At low sensitivity, the RX100 III is able to create sharp images full of fine detail, all the way from ISO 80 to ISO 800. At ISO 1600, I noticed the first clear signs of degradation in detail level, which took another step downwards at ISO 3200, but not a very large one, so images are still quite usable, even for sizeable prints.

ISO 6400 is the melting point - where the sensor loses it grip on both detail and color, so images are faded and without any 'pop' whatsoever. You can choose your flavour of Noise Reduction, displayed below, but all you'd get at this ISO level is more or less noise, not more detail. ISO 12800 is downright terrible, though can be used with some corrections of saturation for on screen viewing.


High ISO Performance:


See how the RX100III performs in various ISO sensitivities:

Scroll your mouse over the thumbnails to view the images, then click on the images for full size versions.




High ISO Performance - 100% crops:


Here are full size crops of the images above:

Scroll your mouse over the thumbnails to view the images, then click on the images for full size versions.




Depth of Field:
One of the most significant improvements of the Mark III over the Mark II is its max apertures - the f/1.8 at the wide angle setting is the same, but the f/4.9 at the long end is now a much better f/2.8, allowing better low light performance and shallower depth of field.

If you compare the depth of field to a Full Format sensor camera, you'd end up with an equivalence of a 24-90mm f/4.8-7.5 lens, which is nothing to write home about. However, when you move in close to macro distance, things look a bit different, and that max aperture at the wide end is quite nice:


Depth of Field Performance:


See what Depth of Field the RX100III is able to create:

Scroll your mouse over the thumbnails to view the images, then click on the images for full size versions.




Here's a sample of the RX100 Mark III's video:







Advanced Features


Sweep Panorama: Sony have always been good at creating automatic panoramas and the RX100 III is no exception. The output is mostly usable, with little variation in exposure across the final image.

There's no control over the angle of the panorama, only its direction, so you're limited to when the camera decides to stop, as well as a maximum shutter speed of 1/500 sec., that's a problem when you shoot a sunset panorama.


Sample Panorama:






Artistic Filters: The filters and effects are mostly familiar and ordinary (does anyone still use the miniature effect? Really? More than once?), but a few are downright awesome.
The High Contrast Monochrome produces wonderful black and white images and the illustration effect is highly amusing. It's a bummer that the effects can't be combined with some other features, like panorama.


In-Camera Effects:


The RX100III offers these creative effects, see what they look like:

Scroll your mouse over the thumbnails to view the images, then click on the images for full size versions.




Here's a short comparison of the RX100, the Fuji X30, the Panasonic GX7 and the Sony A6000:







The Bottom Line


Two generations after the initial RX100 changed the way the world looks at compact cameras, the RX100 III takes its distinguished dynasty a step further - fine-tuning its trade-offs of size and quality, introducing some unheard of features and creating an unmatched package of advantages. To name to most significant ones - its small body packs a 24-70mm f/1.8-2.8 lens, a 1” sensor, an electronic viewfinder and an articulating LCD screen.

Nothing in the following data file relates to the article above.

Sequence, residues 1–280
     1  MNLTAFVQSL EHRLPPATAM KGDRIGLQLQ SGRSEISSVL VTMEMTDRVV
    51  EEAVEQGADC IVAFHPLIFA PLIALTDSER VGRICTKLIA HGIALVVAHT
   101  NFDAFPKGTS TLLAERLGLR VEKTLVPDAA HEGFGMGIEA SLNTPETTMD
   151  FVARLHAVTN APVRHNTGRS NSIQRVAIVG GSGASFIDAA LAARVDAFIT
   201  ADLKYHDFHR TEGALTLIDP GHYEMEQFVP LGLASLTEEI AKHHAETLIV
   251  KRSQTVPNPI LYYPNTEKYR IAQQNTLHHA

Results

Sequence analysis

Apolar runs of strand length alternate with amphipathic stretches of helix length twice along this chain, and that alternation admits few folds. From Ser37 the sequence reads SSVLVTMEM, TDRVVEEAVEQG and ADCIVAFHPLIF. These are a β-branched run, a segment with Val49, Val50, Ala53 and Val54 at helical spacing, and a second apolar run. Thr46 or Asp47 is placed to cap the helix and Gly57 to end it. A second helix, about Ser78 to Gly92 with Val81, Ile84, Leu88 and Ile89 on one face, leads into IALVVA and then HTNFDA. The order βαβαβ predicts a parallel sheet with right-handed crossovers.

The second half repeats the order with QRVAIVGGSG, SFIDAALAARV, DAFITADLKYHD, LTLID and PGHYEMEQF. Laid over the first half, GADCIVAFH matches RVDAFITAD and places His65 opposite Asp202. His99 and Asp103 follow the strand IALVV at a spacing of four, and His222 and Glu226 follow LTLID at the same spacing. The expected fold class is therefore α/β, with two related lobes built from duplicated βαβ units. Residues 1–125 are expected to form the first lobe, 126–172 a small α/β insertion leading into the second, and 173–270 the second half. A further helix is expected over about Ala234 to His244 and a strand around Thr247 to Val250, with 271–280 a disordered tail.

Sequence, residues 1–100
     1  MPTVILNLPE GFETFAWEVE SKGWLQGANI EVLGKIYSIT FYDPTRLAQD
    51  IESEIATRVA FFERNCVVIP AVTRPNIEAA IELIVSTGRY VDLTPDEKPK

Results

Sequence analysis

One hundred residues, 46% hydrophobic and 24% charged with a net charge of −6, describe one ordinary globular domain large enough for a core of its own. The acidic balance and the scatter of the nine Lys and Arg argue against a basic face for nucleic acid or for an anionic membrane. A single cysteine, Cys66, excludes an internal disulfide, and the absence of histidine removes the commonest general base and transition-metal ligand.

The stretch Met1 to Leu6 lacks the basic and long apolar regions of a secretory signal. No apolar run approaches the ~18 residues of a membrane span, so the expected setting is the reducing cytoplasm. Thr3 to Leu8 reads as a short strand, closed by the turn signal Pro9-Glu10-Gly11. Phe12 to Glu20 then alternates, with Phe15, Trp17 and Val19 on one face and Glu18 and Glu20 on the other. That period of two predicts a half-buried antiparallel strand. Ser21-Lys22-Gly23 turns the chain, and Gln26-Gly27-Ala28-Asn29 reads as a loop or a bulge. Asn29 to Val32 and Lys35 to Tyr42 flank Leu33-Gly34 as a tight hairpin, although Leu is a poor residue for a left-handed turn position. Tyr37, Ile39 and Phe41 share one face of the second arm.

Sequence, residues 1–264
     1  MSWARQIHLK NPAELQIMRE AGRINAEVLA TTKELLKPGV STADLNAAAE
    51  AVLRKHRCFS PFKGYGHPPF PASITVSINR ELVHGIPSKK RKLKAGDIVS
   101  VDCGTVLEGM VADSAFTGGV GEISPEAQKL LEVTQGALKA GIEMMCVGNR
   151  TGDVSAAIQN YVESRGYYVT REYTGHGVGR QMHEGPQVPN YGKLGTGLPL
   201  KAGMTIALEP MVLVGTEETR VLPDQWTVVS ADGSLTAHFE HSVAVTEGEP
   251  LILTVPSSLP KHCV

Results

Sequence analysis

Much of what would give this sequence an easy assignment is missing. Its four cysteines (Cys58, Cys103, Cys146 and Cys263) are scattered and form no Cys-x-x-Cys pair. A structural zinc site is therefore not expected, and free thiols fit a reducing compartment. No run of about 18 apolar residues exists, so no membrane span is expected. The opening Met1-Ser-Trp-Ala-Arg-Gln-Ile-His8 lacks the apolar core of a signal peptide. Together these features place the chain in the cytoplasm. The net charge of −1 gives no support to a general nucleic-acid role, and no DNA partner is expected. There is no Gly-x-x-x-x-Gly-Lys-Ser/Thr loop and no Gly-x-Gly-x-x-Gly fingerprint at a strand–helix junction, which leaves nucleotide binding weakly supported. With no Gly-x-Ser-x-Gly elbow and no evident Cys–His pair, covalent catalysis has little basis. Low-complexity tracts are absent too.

The only camera that comes close is the Canon G7X, which has many similar features, a longer zoom and a touch screen, but no viewfinder. I haven’t tested it myself yet, but from everything I heard and read, it doesn’t match the quality of the RX100 III. Don’t take my word on that - wait till I actually review it.

So what else is out there? There’s the regular bunch of high-end compacts, with the has-been high-end 1/1.7\” and 2/3" sensor sizes, such as the Canon S120 and G16, the Nikon P340 and P7800, the Fuji X30 and Panasonic… Oh, wait, Panasonic left the 1/1.7” boat and sailed forward to discover new boundaries - they created the Panasonic LX100 with a micro four thirds sensor and a f/1.7-2.8 24-75mm lens.

The funny thing is that in spite of the mind-boggling technology of the RX100, I prefer both the X30 and LX100 over it - one with a smaller sensor, the other with a larger one, but both with superior ergonomics. The fact of the matter is - they’re both fun to shoot with. They encourage creativity. The RX100 isn’t and doesn’t. It’s just very, very practical.

The answer to the cliffhanger in the preface is that I ordered an LX100. It fits my every need for portability, sensor and aperture sizes and photographic engagement. I understand the charm of the RX100, I really do, but I don’t like shooting with it. You can take it anywhere in your pocket and shoot great photos, but it’s not fun. Sony managed to create a truly magnificent piece of technology, but they couldn’t include the charm and essence which make photography what it is. As a small point-and-shoot, it’s the best in the world, but as a camera, far from it. The to-do list for Sony for the RX100 mark IV must have a small grip in the front. Why not? It won't make the camera any larger. It should also have a dedicated button to configure the lens ring function, and speaking of the lens, it must match if not surpass what the Canon G7X is offering or what the LX7 offered - so either a 24-100mm f/1.8-f/2.8 or a 24-90mm f/1.4-2.3 lens. The latter would be a true winner in they manage to pull it off.





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Total Rank:
83.1


 
Sony Cyber-shot DSC RX100 III Eyal Gurevitch December 18, 2014 $698 83.1 100